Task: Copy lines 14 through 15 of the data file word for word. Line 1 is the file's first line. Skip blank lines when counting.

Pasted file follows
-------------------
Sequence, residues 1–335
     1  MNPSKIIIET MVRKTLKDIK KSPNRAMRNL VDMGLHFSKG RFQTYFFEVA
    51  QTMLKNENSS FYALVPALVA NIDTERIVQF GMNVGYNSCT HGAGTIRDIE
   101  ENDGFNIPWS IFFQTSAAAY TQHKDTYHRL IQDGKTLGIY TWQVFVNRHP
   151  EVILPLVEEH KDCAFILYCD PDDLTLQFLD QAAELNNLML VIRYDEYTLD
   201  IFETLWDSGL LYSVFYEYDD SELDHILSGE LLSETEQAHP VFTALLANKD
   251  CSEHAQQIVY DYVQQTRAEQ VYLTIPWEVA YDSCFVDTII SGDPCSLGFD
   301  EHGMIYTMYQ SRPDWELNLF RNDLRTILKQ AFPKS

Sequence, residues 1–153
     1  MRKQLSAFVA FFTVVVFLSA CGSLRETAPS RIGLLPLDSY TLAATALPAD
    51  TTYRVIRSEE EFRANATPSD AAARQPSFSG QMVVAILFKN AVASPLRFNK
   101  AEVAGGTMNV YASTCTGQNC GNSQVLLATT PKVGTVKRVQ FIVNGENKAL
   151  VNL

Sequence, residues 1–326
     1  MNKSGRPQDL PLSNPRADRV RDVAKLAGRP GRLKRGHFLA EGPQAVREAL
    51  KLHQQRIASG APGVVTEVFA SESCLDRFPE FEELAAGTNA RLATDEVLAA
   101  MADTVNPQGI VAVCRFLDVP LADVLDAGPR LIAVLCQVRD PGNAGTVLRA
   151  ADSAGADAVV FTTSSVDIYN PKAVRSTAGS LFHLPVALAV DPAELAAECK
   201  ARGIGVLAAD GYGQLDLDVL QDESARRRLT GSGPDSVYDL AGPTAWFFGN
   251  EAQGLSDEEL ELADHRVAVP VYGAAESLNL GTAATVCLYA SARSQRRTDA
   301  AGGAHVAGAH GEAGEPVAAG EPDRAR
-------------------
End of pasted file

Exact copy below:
Sequence, residues 1–326
     1  MNKSGRPQDL PLSNPRADRV RDVAKLAGRP GRLKRGHFLA EGPQAVREAL